Although widely acknowledged as a hazardous building material, there has been a multitude of unusual uses of asbestos throughout its history. Some may have practical foundations, whereas others seem more sublime. This article explores the variety of uses of asbestos throughout the centuries.
Asbestos has previously been used in several health and beauty products for a variety of reasons. The thought of using this material in any personal care product is now astonishing, but in previous decades asbestos was used as an abrasion material in toothpaste as well as a heat protection layer in old style hairdryers. Asbestos has also been known to be used in make up manufacturing and products as well as fibres being used in talcum powder.
Because of it’s heat and fire protective properties, asbestos was widely used in household items throughout the centuries. Previous uses have included: heat protection elements in irons, fibres were manufactured into wallpaper and paper lining, telephones and toilet cisterns and small elements were used to produce bleach and other cleaning products.
From the 1930s, asbestos was used to make fake snow and this was introduced into many houses by way of Christmas decorations. The product was even used in scenes of The Wizard of Oz and Bing Crosby’s ‘White Christmas’.
Asbestos was often used in flooring options by way of providing backing, under flooring or for products such as linoleum.
Again, because of its fire retardancy, asbestos was used as wall paint for a number of years. Believed to be an innovation in safe household decoration, asbestos was marketed as an excellent option for renovating tired walls.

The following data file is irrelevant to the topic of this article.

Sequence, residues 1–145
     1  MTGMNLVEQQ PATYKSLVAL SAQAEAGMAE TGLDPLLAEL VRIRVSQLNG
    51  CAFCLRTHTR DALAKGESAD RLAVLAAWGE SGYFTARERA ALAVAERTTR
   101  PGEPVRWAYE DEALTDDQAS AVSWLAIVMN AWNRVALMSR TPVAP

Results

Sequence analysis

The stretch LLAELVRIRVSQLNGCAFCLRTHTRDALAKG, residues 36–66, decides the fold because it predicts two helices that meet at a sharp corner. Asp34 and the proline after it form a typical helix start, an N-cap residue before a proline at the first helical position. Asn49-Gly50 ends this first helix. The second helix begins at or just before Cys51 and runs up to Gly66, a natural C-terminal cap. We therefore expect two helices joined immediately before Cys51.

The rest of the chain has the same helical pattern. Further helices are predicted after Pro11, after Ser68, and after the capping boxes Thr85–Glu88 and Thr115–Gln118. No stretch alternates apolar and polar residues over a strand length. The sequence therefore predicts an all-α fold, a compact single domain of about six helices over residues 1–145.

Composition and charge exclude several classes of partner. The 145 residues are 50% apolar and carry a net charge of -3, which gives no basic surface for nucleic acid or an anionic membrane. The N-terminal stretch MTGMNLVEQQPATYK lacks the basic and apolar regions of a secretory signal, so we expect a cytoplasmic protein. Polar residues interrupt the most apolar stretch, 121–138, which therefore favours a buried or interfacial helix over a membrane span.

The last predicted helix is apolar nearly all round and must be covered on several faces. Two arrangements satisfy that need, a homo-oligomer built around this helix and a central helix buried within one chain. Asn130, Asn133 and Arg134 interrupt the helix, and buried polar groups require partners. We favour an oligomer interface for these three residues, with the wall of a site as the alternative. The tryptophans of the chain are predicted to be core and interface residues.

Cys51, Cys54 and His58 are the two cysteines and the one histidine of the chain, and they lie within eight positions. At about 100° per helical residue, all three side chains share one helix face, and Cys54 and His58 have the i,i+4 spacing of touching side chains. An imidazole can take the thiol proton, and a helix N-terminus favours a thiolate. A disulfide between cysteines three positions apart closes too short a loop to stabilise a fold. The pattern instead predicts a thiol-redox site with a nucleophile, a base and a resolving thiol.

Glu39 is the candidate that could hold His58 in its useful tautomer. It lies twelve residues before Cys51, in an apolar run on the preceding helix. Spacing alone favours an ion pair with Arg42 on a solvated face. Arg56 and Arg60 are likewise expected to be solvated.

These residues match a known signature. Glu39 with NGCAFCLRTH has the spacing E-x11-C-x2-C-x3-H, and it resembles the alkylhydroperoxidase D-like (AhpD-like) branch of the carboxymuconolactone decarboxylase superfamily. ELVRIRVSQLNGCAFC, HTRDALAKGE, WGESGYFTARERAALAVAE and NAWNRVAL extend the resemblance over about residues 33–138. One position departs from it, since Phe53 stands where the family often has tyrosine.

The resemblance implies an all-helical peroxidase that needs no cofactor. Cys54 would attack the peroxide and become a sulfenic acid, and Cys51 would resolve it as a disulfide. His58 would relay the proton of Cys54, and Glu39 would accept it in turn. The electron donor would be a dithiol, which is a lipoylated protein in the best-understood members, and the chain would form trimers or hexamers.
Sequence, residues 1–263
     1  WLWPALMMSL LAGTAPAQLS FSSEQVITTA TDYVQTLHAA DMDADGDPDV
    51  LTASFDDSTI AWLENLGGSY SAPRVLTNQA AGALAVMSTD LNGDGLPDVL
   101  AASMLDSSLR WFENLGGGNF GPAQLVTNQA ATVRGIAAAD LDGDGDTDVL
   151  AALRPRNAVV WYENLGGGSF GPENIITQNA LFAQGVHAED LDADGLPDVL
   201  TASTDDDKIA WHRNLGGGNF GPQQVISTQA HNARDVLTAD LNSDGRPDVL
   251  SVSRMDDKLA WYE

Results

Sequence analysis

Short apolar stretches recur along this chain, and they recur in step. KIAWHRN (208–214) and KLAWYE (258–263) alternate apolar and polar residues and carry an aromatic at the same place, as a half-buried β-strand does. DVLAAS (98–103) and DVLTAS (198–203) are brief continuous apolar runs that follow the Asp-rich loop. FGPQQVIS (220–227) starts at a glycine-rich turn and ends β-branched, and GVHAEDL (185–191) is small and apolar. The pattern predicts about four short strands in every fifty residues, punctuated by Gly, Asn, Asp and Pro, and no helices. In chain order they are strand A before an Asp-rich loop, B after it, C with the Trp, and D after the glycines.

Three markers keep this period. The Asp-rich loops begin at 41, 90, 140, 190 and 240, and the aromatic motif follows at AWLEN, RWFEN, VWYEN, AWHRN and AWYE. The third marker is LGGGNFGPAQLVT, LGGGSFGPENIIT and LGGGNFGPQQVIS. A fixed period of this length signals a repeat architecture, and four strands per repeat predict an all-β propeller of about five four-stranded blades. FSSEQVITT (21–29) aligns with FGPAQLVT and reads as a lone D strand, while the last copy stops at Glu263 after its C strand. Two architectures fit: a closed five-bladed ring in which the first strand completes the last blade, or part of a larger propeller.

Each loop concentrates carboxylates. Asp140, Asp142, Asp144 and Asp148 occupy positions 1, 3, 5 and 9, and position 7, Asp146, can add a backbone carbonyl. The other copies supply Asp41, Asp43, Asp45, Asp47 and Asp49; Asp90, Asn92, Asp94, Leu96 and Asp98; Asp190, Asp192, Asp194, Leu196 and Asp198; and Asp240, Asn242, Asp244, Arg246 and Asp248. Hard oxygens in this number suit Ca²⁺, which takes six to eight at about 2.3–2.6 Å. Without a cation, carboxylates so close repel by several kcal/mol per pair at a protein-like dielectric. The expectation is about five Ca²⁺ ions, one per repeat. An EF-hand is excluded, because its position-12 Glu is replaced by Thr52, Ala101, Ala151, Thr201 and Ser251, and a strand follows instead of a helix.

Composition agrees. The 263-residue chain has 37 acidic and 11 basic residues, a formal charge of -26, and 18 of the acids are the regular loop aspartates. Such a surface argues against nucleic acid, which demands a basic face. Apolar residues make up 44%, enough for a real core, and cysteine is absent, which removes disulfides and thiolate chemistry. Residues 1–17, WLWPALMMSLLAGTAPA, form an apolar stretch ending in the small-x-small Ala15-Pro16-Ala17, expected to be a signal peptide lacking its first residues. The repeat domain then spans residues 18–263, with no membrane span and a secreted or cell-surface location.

“From the 1930s, asbestos was used to make fake snow and this was introduced into many houses by way of Christmas decorations.”
One of the most unusual uses of asbestos – from the 1950s, cigarette manufacturers sought to develop their products and increase their safety, which brought about the inclusion of asbestos! Asbestos was used in the filters of masses of cigarettes and was praised for it’s revolutionary health benefits.
Asbestos thread was widely used by doctors by way of stitching patients after operations. Due to the flexibility and strength of the thread, this product was considered to be an excellent choice for the medical industry. Somewhat ironically, one of the prime surgerys that this thread would be used in was that of lung operations following World War 2.
The first known uses of asbestos date back to around 2500 BC, when the material was used in the production of clay. The clay was used to make wares for the home such as bowls and pots. This practice continued throughout all major civilisations and including the manufacture of ornamental pieces and utensils.
One of the most famous examples of an unusual use of asbestos relates to a young Benjamin Franklin. At the age of 19, Franklin travelled to England and carried with him an asbestos purse. Whilst in England, he sold the purse to a collector of natural history objects, Sir Hans Sloane. Sloane’s collection was later donated to the British Museum and the purse still resides there.
Whatever your asbestos needs, get in touch with Acorn today. Call us on 0844 818 0895.
(Calls Cost 6p per minute + your normal phone providers charges)